In one embodiment, the display panels 30 are implemented using lamps 31, and the appearance of the display panel 30 is changed by controlling the brightness of these lamps 31. Optionally, the lamps 31 may be variously colored so that both the color and brightness of the display panels 30 can be controlled by suitably adjusting the brightness of the lamps 31. These lamps 31 may be implemented by using any of a variety of light emitting technologies including, for example, incandescent lamps, florescent lamps, and light emitting diodes (LEDS). (Examples not shown.) In one preferred embodiment, each display panel 30 includes a light diffusing panel 60 and a plurality of different colored lamps mounted behind the light diffusing panel 60 and positioned to illuminate the light diffusing panel 60.
The output device interface 25 contains circuitry that interfaces with the display panel 30. Optionally, the output device interface 25 may be integrated into the same physical package as either the controller 20 or the display panel 30. In the above-described example (where the display panels 30 are implemented using lamps 31), the output device interface 25 would be configured to drive the particular lamp used in the display panel 30. For example, when LEDS are used in the display panel 30, the output device interface 25 would be implemented using transistors, or when florescent lamps are used in the display panel 30, the output device interface 25 would be implemented using a suitable transformer and ballast arrangement (not shown). Details of implementing the conventional aspects of the output device interface 25 to drive the lamps 31 are well known and any conventional lamp-driving technique may be used.
In an alternative embodiment, the display panels 30 employ a heat-activated display 32 (e.g., a liquid crystal material). A heating portion (not shown separately) of the heat-activated display 32 may be a heating element (also not shown separately) embedded in a heat-sensitive material portion (also not shown separately) of the heat-activated display 32. When the heat-sensitive material portion is unheated, the heat-activated display 32 will display a color that corresponds to the ambient temperature. When heat is applied, the color of the heat-sensitive material portion of the heat-activated display 32 will change. Preferably, the heat-sensitive material portion has a range of different colors. The color of the display panels 30 can then be controlled by controlling heating power.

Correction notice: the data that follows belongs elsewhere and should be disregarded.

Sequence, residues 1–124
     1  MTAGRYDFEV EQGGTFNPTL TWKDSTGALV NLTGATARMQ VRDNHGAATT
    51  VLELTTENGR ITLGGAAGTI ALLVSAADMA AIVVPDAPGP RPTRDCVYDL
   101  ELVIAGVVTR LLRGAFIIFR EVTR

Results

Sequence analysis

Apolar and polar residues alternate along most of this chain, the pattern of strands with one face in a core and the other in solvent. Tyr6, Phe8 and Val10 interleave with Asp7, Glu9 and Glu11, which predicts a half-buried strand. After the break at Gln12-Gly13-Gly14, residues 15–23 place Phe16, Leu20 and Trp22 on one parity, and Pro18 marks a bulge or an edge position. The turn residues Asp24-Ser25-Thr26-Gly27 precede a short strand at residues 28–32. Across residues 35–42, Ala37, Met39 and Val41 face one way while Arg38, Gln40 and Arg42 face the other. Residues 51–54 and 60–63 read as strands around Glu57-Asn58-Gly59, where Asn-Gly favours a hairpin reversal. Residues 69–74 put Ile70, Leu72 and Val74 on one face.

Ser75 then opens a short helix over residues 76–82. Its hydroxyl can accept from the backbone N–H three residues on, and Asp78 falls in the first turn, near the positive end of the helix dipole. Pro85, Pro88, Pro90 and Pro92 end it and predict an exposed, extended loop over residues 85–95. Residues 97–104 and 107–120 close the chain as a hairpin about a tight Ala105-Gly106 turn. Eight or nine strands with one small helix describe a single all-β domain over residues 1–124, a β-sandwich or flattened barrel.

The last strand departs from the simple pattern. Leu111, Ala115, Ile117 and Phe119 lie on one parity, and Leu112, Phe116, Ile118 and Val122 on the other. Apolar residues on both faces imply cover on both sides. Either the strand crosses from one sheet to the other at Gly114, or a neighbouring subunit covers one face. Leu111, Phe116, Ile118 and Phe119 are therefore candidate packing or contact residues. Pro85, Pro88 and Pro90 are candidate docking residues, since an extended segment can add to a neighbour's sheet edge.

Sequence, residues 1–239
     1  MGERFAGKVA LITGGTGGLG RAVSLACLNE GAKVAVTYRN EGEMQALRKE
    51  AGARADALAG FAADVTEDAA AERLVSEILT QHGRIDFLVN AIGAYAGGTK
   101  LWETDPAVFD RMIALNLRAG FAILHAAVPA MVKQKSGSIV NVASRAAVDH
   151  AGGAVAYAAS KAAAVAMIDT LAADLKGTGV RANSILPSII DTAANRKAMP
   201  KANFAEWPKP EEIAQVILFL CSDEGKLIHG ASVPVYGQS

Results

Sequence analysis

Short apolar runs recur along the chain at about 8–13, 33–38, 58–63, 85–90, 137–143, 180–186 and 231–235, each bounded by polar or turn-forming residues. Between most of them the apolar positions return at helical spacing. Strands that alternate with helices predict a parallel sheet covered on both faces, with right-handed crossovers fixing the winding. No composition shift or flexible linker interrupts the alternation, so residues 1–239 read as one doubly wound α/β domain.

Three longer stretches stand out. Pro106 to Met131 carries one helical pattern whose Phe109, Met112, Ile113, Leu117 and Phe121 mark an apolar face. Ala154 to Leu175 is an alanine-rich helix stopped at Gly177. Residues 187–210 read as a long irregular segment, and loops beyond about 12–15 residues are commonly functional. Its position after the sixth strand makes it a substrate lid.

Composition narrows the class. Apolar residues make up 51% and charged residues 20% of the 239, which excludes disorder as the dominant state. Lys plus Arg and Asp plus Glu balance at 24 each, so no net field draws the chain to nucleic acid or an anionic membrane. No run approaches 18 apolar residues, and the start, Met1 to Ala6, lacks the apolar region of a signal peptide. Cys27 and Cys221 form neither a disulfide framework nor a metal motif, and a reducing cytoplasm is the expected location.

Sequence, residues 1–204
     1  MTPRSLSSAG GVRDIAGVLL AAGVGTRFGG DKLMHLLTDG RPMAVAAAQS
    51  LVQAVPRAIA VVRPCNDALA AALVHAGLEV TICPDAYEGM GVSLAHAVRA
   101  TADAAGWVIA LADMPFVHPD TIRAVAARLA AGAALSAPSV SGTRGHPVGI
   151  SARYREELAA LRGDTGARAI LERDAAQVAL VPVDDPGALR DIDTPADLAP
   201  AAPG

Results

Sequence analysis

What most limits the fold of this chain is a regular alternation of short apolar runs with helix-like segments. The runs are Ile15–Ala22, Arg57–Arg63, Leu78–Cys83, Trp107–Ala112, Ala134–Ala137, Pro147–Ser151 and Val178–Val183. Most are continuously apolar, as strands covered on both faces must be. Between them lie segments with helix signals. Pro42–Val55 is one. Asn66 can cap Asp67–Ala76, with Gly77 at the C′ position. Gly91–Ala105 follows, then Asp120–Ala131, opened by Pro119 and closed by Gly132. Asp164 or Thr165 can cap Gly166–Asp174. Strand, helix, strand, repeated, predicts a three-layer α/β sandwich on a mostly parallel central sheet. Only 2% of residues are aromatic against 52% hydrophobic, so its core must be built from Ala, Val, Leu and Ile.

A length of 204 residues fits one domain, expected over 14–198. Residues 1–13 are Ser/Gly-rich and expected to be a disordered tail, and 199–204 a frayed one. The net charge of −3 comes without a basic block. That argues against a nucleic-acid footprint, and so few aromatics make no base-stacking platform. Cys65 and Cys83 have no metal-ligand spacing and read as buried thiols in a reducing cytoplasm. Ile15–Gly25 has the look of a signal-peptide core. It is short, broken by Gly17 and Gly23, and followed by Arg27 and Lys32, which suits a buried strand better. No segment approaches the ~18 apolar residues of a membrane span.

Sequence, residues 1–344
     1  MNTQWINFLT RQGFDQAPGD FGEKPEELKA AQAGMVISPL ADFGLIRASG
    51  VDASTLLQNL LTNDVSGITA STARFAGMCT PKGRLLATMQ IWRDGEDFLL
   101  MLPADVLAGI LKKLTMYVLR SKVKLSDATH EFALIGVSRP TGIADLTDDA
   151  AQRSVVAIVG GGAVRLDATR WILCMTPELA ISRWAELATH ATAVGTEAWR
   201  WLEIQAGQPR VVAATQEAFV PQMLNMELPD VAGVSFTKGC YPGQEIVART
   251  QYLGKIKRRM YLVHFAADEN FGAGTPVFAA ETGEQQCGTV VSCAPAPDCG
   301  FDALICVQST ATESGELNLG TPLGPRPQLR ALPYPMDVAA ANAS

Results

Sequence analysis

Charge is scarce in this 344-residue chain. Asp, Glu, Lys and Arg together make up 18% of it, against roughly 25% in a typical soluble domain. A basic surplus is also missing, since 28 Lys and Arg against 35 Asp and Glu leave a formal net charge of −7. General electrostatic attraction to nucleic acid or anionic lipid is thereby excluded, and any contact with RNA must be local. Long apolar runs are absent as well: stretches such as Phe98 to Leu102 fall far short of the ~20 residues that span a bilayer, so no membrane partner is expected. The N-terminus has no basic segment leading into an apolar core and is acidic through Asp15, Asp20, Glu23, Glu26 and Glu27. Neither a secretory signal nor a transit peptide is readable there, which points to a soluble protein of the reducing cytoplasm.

In the heat-activated display 32 embodiment, the output device interface 25 controls the appearance of the display panel 30 by controlling the heat output rate. This may be accomplished e.g., by adjusting the voltage or duty cycle of the heating portion (e.g., heating element). Optionally, a temperature detecting device (not shown) may be used to measure the ambient temperature. The amount of applied heat can then be adjusted accordingly to obtain the desired color using a lookup table (LUT) or formula that indicates the heating rate required to achieve a particular color at a given ambient temperature. The latter may be programmed into the controller 20 or the output device interface 25. Optionally, a temperature sensor (not shown) may be embedded within the heat-activated display 32 itself, so that the actual temperature of the heat-activated display 32 can be measured. Appropriate adjustments can then be made based on feedback from the temperature sensor.
Other types of display panels 30 may also be used instead of the lamp-based and heat-based technologies described above, as long as a matching output device interface 25 is provided. Also, other types of visual or other output devices are within the scope of the invention. Lights could be incorporated on the outside of the TV 75 cabinet 50 or as a module device that projects light from behind or beneath the TV 75. As in the principal embodiment, the lights may create patterns in a manner similar to automated stage lighting or disco lights. Pattern masks may be used to project patterns on walls or on the TV 75 cabinet 50 responsively to the same control signals as discussed above and below.